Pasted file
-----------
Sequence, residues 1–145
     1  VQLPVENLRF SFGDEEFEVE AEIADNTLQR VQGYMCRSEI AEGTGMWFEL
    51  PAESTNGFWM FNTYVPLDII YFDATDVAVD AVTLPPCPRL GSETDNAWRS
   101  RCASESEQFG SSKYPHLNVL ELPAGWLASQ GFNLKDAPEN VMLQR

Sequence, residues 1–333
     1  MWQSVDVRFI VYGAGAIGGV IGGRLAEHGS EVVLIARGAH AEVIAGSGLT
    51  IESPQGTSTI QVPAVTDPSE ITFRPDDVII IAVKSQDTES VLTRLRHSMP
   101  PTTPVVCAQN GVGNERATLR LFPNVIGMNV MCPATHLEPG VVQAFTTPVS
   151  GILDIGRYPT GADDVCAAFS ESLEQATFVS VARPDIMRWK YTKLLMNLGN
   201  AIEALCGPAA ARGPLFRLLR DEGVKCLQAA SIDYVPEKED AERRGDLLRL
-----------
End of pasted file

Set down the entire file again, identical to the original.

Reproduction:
Sequence, residues 1–145
     1  VQLPVENLRF SFGDEEFEVE AEIADNTLQR VQGYMCRSEI AEGTGMWFEL
    51  PAESTNGFWM FNTYVPLDII YFDATDVAVD AVTLPPCPRL GSETDNAWRS
   101  RCASESEQFG SSKYPHLNVL ELPAGWLASQ GFNLKDAPEN VMLQR

Sequence, residues 1–333
     1  MWQSVDVRFI VYGAGAIGGV IGGRLAEHGS EVVLIARGAH AEVIAGSGLT
    51  IESPQGTSTI QVPAVTDPSE ITFRPDDVII IAVKSQDTES VLTRLRHSMP
   101  PTTPVVCAQN GVGNERATLR LFPNVIGMNV MCPATHLEPG VVQAFTTPVS
   151  GILDIGRYPT GADDVCAAFS ESLEQATFVS VARPDIMRWK YTKLLMNLGN
   201  AIEALCGPAA ARGPLFRLLR DEGVKCLQAA SIDYVPEKED AERRGDLLRL